When I was writing this post, I couldn’t help but think it had a very A Series of Unfortunate Events vibe to it. I’m a fairly positive person and I sure did try, but be warned now: “If you are interested in stories with happy endings, you would be better off reading some other blog*.”
*Adapted from Lemony Snicket, obviously.
Clearly I’m being dramatic (as I often do), but this day of the trip was hands down the peak of travel misery. Remember in my last post, how I said that I finally felt calm, and relaxed, and was actually enjoying the camping experience? Well, Day 3 of Stevie’s Revival Tour is where that all came crumbling down. Buckle up folks, it’s gonna be a wild ride (and a long one…again. Sorry about that).
Can we all just be honest for a second? Like, really truly honest? Take away all of the Instagram filters and the inspirational quotes, and just be genuine? Sometimes, traveling sucks. Yep, I said it. Sure, you’re seeing the world, and meeting amazing people, and learning & growing, yadda yadda yadda. But, just as we do at home, sometimes there are just bad days: you get a flat tire, or diarrhea mid-flight (too far?!), maybe you lose your passport in a foreign country. S*** happens.
So, diving right in: after making the decision the previous day to spend a second night in the Mount Shasta area, I booked a site at a campground in McCloud that was (according to ratings) very good and near the trailhead of a few hikes we wanted to try. In hindsight, I wish we would have stayed in our cute spider-ridden campground in Castle Crags. But more on that later.
The day started as lots of bad days do: with no breakfast.
Here is where I should probably mention another lovely quirk of mine: when I am hungry, I need to eat. Not in a while, not soon, but NOW. Anyone else have this problem? I’ll barely feel the grumbles of hunger and all of a sudden, I’m shaky, lightheaded, nauseous, and just generally debilitated. Maybe it’s a blood sugar thing? This trip taught me to always have snacks and food handy. The hike down to the nearest gas station (yum) was less than half a mile, and I was pausing to lean and rest on every tree while the surroundings spun around me. It occurred to me later that I was at a much higher altitude than I was used to, so that probably factored in as well.
The next bit was pretty nice, actually, I must give credit where it’s due. A short hike along the Sacramento River led to some beautiful views and welcome shade from the surprisingly hot sun. I don’t know why I thought we’d cross the border into California and it would instantly be cool weather? All lies.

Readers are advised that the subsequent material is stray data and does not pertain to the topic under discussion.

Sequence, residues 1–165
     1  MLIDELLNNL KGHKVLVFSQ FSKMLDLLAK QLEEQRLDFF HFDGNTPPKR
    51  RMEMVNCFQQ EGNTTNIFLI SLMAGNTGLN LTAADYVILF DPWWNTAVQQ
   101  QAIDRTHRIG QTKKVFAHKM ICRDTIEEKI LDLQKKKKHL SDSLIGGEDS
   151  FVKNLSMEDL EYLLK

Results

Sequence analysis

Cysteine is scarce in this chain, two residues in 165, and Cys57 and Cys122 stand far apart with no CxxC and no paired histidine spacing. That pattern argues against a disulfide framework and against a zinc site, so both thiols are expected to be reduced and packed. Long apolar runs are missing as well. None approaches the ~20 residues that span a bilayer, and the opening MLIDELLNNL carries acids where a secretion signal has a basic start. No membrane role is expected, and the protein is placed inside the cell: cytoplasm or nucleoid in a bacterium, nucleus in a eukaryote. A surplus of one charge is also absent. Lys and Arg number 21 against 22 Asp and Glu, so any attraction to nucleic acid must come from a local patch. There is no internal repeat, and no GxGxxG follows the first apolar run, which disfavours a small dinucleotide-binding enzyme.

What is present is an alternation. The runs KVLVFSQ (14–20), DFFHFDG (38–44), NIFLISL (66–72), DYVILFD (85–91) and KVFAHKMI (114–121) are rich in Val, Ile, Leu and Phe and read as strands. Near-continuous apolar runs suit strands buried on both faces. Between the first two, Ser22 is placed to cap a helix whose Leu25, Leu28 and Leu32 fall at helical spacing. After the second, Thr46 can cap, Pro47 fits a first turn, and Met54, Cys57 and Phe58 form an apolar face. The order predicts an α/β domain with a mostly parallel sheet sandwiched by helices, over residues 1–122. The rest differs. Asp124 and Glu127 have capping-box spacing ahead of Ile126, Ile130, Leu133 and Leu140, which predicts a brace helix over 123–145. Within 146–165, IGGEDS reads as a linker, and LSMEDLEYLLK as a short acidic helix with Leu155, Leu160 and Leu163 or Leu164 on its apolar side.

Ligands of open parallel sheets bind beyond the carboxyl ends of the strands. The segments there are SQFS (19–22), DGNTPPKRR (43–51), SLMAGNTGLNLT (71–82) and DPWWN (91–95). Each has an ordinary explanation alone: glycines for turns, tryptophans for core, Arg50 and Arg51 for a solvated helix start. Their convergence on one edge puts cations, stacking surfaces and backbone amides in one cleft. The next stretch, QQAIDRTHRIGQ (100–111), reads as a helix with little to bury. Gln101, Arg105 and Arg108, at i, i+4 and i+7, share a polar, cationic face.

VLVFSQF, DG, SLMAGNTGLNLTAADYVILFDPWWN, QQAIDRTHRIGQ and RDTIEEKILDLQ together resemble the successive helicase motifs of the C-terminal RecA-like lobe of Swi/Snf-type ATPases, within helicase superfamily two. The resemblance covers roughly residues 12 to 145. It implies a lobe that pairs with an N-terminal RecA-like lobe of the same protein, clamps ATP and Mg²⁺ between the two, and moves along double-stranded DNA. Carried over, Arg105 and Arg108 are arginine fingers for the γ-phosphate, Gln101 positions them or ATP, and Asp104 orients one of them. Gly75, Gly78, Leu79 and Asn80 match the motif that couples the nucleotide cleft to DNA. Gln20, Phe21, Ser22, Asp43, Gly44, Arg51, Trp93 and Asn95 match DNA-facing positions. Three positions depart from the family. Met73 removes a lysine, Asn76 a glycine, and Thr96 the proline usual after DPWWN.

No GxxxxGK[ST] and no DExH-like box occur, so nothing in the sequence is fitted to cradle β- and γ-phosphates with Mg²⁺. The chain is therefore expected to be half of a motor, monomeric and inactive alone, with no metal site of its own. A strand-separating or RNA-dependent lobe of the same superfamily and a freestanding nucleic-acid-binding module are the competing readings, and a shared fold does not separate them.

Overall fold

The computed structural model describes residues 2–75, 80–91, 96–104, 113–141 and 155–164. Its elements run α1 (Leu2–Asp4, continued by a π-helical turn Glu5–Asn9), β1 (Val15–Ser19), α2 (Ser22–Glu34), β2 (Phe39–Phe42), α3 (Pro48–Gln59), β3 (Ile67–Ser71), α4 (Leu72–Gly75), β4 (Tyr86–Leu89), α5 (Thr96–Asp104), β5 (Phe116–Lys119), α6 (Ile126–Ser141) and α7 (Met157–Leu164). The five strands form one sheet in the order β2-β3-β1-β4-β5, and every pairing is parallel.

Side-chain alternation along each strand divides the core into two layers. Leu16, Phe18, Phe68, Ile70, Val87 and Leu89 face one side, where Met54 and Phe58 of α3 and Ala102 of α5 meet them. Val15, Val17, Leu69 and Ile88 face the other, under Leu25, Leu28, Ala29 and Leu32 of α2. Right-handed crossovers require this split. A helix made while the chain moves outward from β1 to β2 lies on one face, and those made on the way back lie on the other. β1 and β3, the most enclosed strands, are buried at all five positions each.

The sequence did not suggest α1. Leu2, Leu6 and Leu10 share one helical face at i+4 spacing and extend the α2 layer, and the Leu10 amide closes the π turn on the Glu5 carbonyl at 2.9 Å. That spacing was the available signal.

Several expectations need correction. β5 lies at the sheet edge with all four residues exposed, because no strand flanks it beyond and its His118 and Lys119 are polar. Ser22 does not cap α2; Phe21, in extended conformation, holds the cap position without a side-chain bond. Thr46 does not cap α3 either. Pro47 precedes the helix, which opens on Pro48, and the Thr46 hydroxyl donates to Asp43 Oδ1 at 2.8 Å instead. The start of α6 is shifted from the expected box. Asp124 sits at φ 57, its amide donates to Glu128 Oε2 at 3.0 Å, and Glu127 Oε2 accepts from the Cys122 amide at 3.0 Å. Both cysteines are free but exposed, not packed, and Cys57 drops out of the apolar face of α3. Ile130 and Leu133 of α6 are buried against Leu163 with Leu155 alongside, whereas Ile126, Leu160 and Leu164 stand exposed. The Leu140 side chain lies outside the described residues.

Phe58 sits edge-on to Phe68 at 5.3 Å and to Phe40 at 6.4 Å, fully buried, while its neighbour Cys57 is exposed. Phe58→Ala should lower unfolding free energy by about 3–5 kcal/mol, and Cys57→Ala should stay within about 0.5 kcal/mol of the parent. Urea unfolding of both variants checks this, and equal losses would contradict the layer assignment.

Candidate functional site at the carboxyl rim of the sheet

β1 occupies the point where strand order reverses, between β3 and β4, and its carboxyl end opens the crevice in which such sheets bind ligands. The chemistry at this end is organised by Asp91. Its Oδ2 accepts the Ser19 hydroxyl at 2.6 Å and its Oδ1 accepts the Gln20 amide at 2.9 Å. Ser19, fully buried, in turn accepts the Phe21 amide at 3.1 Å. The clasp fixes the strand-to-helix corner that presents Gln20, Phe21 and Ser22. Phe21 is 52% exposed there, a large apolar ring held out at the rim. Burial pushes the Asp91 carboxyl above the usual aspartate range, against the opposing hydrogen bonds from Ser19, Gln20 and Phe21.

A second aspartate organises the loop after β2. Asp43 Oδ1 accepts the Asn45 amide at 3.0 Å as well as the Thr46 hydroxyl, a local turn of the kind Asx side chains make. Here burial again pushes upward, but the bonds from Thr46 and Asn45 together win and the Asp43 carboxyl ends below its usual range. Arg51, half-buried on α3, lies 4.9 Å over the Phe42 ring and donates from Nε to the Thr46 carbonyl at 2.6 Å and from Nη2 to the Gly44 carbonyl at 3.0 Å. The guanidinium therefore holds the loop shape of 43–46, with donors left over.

Time in nature is always great for me – like a reset button when I’m feeling at my most overwhelmed. We hiked back to the campsite feeling rejuvenated and ready to take on what Mount Shasta had in store (or so we thought). Two things happened when we set out to leave our Castle Crags campsite:
- The tongue jack got stuck in the furthest upright position.
- Three out of five taillights weren’t working.
New to trailers, my first thought was panic – how did I break it already? Turns out, I didn’t…but I was about to. Stay tuned for my San Francisco post! Happy that it was daylight so the lights weren’t as much of an issue, we set off for the tiny town of Mount Shasta at the base of the mountain for some lunch, and hopefully to figure out what the heck was wrong with the trailer.
We ducked into an Auto-Zone type local shop, the only one around to ask about both issues. No luck with the lights, we just heard, “Did you try jiggling the bulbs and stuff?” Okay….but then entered Steve*, a customer in the shop at the time. Steve* had a mild case of “I Used To Have One Just Like That” but was a really chill guy with some trailer experience, so he offered to come check out the tongue jack. His suggestion: whack it with a hammer. Nope, not kidding. And yet, surprisingly it worked! A few hard hits with a rubber mallet knocked the tongue jack back down into the grooves and it was cranking like normal again. Steve* for the win! By the way, one of the first things I bought when we got home was a rubber mallet. Just in case. So we learned: Do not crank the tongue jack up too high, or it will come out.
Here’s where it really starts to pile up. We’re behind schedule yet again (starting to think this is the universe toying with my love of planning), and then, we meet Bob*. I actually do think his name was Bob,
so we’ll nix the asterisk for this one. Bob was the campground host, and honestly, a right pain the ass. From the second we drove in, he was all over us like white on rice, and I wasn’t having it. While I’m directing my very capable driver into our site, Bob rolls up on his little golf cart and immediately starts doing one of these: “No, you’ve got to cut it more. No, that’s not right. Cut it harder and then follow through. I said FOLLOW THROUGH. No, no, go forward, try again. *Rolls eyes, scoffs* No, still not right. You’re not cutting it hard enough.” He’s clearly frustrated with our complete ineptitude for parking. The problem is, we aren’t. It may take a few tries, but by this point we had gotten pretty decent at it, and his griping was only making it worse. I’m a very passive person, but I finally snapped, “He’s doing fine, you’re just making him nervous.” Aka – leave it alone, BOB.